A Man-made problem
New Straits Times
5th June 2003
For World Environment Day this year, Sarah Sabaratnam looks at how humans have become the most consequential presence on Earth, driving species and ecosystems to extinction.
MALAYSIA, one of the 12 mega biodiversity centres in the world, is in danger of losing almost all its large mammals to extinction. You'd think there were a host of reasons for this, but really, there's only one: us.
We do this by destroying the habitat of land animals; and when we do spare them their home, we leave it in pockets where inbreeding and territorial conflicts become a problem. We also pollute their water and food sources. When we destroy ecosystems, we destroy their homes.
We also over-harvest the sea. We have a palate for any four-legged thing with its back to the sun, and we don't care if the animal is endangered. In fact, the more exotic they are, the more we'll pay for them.
We also accessorise ourselves with the body parts of some of the most endangered animals in the world.
Finally, we create a demand in the exotic pet trade market. This encourages poaching and trafficking in illegal wildlife, perpetuating, the vicious cycle just goes on.
Conscience is not something that seems to exist. Our needs and lust take precedence over everything else. How did such a selfish generation, if not species, come to be born? Greed and a lack of awareness have been some of the reasons cited. It is also deeply-rooted in Asian culture, for instance, to use parts of wild animals for medicine and food.
Then, there's a problem of enforcement and legislation that don't encourage sustainability.
It's an attitudinal problem but it has to change.
"It is not our right to be sending things into extinction. And, if we are messing things up, it's our responsibility to fix it," says Chris Shepherd from TRAFFIC South East Asia. TRAFFIC is a wildlife trade monitoring network. Norman Myers and Crispin Tickell write in the FT Times Weekend that little effort has been made to study the evolutionary effects of what we are now doing to the diversity of life. "In effect, we are conducting a planet scale experiment with the haziest idea of the outcome, except that it will be irreversible and probably severely adverse to human well-being.
"The present generation is implicitly, however unknowingly, taking decisions for future generations that will radically alter the world.” As soon as any species goes extinct, the whole ecosystem goes out of balance. It affects the web of life and there will be implications on us eventually. "We may not know the exact implications from the disappearance of some animals, but for others, there is already evidence," Shepherd says.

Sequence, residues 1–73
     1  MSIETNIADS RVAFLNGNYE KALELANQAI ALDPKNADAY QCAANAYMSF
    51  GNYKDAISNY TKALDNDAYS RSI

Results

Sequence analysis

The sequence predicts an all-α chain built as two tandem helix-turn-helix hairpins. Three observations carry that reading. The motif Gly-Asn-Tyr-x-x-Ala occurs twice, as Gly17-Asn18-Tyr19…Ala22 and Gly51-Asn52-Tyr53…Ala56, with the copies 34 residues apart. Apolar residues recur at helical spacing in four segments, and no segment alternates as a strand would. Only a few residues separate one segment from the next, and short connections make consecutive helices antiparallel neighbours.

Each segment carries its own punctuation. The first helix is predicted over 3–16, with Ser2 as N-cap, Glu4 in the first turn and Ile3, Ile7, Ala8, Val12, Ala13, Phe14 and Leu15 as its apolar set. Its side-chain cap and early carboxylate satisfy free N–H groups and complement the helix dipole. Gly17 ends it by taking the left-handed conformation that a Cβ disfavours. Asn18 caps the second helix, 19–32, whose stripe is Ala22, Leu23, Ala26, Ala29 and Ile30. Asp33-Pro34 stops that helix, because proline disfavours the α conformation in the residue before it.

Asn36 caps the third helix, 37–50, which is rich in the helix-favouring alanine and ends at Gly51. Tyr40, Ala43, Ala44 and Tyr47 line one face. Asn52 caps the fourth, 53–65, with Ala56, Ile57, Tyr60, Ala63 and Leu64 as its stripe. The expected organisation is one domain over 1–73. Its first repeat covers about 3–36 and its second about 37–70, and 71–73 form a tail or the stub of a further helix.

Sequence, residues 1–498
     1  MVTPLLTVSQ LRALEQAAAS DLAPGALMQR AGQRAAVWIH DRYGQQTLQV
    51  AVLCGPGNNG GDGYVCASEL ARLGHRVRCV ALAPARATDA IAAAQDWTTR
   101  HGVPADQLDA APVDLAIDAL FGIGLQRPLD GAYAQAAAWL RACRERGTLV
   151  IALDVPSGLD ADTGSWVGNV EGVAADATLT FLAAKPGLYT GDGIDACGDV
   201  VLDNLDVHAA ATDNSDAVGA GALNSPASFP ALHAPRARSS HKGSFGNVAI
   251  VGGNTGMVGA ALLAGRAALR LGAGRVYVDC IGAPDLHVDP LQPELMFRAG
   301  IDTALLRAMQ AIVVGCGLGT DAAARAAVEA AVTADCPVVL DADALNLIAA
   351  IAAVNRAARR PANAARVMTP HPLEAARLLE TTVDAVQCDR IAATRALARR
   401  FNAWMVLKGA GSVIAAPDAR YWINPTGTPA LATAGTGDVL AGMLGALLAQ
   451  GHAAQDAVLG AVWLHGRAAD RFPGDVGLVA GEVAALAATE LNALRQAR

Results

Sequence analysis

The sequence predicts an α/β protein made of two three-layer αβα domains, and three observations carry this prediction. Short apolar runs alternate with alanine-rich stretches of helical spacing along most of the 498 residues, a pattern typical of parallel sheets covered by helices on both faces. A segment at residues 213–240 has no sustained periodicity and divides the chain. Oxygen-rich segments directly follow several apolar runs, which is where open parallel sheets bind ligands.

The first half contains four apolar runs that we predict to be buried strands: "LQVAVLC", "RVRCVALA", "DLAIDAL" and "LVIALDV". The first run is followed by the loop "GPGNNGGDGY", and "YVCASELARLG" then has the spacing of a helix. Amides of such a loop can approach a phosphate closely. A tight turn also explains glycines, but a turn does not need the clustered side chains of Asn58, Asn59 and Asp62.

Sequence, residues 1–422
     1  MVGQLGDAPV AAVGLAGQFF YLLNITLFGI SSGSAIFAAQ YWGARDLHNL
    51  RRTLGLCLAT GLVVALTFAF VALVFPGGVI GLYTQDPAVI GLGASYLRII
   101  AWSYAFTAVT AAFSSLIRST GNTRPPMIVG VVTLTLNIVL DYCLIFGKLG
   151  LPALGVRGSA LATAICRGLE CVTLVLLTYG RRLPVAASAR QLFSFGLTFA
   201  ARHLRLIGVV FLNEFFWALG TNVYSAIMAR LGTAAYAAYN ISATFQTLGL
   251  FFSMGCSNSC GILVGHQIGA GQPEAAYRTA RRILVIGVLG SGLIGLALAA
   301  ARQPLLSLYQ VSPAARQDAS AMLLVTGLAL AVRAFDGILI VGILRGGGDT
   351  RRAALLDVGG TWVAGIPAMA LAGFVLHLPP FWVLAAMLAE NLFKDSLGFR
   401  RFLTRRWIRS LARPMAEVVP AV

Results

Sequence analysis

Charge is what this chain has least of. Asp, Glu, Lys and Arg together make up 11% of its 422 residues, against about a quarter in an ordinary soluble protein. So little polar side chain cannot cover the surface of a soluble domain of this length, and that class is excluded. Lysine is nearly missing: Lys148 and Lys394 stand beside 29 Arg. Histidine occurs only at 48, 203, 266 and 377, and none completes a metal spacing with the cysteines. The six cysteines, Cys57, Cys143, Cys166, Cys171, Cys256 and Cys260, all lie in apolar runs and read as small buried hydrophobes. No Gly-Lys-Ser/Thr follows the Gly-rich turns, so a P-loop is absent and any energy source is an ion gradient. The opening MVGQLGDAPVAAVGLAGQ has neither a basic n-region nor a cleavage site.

For instance, he says, if the tiger population is reduced, there will be an explosion of wild pigs. Wild pigs cause massive damage to crops and bringing them under control is expensive.
Similarly, removing snakes from plantations would mean an influx of rats, and a fortune spent on getting rid of them.
In India, snakes are being returned to plantations to control the rats and in Malaysia, we are now experimenting with barn owls.
Myers and Tickell point to similar conclusions.
"The mass extinction under way is disproportionately eliminating those species, notably predators and parasites that keep pests, both actual and potential, in check. By removing natural controls on these species (pests), they will multiply still more, many seizing the niches vacated by extinguished species.” Shepherd cautions that we should not be interested in conserving wildlife and other species only when they are of benefit to us. They should be protected for their own sake; we have no right to dictate their importance.
"There should be a conscious respect for other wildlife," he says. Perhaps there is a lack of respect because there is very little value put on wildlife.
Fines for crimes against wildlife are inconsequential and do not reflect the seriousness of the done deed.
For instance, when more than RM50,000 worth of exotic meat and wildlife animal skins were seized from a restaurant owner's house in Bahau, Negri Sembilan recently, the maximum sentence would be a fine of RM3,000 or two years jail or both. That amount would be petty cash to the restaurant owner. It would obviously do nothing to deter others like him.
Our only hope is that judges would be harsher and impose the maximum jail sentences for each charge (officials said there were 11 charges against him).
Ecosystems and species are beyond anyone's power to restore once they are gone.
So long as we continue to damage or convert wetlands and our rainforests, there can be no good news for the future. Let's hope the authorities come to grips with this before it is too late.
As Myers and Tickell put it, "... Few species or clades survive in their original form for long. In our case, we could be the victims of our own successes as well as our own failures."
The writer can be contacted at firstname.lastname@example.org